Monday, March 28, 2016

Seriously as an actor: Garry Shandling profile from GQ 2010

by Amy Wallace  – "He’s a boxer, a Buddhist, a hoops junkie, and a kind of Yoda to every funny person born since 1965 (Sandler, Silverman, Apatow, Gervais, Baron Cohen…)." Somewhere in the middle:
Downey likens being with Shandling to watching plates twirling on the tops of sticks that are balanced on the tops of other twirling plates. I know what he means. When I ask Garry why he chose Iron Man 2 as his comeback movie, here are the topics he explores on his way to an answer: the emotional pull of the Olympic Games; a recent boxing match at Madison Square Garden; the Dalai Lama's admission that he dreams about sex; the importance of being aware; the unmarried status of the greatest religious leaders; the appeal of powerful women; the four ulcers he had by 1998, after the sixth and final season of The Larry Sanders Show; how it feels to land a punch; the difficulty some men have expressing emotion; his love of Jerry Seinfeld; his respect for the Coen brothers; his disdain for cynicism; his fondness for the Vietnamese Buddhist monk Thich Nhat Hanh; dogs; the familiarity of every noise in his home; and the way his mother answered him when, as a child, he asked what she thought of him. ("'What do you think of me?' is what my mother said. It was a stalemate.")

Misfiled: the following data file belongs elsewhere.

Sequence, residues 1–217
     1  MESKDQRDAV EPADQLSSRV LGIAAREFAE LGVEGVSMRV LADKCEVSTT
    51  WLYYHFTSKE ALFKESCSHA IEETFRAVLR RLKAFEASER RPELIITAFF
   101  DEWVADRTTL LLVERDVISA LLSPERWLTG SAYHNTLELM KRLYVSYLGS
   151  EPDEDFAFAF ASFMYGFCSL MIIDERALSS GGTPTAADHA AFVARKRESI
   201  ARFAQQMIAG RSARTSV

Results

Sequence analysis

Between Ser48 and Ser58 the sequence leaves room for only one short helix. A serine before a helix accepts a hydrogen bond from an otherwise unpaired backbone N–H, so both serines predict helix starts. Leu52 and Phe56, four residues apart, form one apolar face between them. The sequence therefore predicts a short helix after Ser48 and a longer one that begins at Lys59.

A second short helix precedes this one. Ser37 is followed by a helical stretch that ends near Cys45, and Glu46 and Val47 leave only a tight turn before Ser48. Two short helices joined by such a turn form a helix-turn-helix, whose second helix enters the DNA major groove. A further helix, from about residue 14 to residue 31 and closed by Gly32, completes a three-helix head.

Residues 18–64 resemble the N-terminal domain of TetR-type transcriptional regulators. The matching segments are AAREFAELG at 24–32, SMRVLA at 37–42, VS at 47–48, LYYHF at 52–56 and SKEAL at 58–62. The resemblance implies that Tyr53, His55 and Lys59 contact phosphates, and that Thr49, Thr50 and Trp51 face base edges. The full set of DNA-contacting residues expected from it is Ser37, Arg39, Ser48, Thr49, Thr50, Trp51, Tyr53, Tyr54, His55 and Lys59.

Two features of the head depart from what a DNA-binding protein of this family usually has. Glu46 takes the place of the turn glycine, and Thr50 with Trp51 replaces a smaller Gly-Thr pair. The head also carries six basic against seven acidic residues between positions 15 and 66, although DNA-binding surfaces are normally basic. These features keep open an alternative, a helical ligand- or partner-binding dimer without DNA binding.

"I'm coming back to you," he reassures me, sensing that I'm lost. "When I give notes on a script, I say, 'Guys, I may drift, but it's part of the process.' So I'm aware that I'm drifting, but I'm grabbing a lot of stuff." It takes fifty minutes, but eventually he answers. Except that all of it is the answer.

"Favreau called me in Hawaii, and he said, 'I know everything about you, and I have a hunch that I know what you can do as an actor that you haven't done yet.' And he got my attention," he says, his voice suddenly doubling in volume. "Anytime my voice raises like that, it's because I've locked in," he explains, then veers back to his story. "It was that fast. None of this is about 'Oh, I got a part!' It's so much deeper. Jon Favreau called me up and said, 'What are you doing, man? I think you can act, and I don't think this is the time to withdraw. And I'll put you in with Don Cheadle and Sam Rockwell and Robert Downey Jr.'"

I mention that Peter Tolan told me that Garry's greatest desire is to be taken seriously as an actor.

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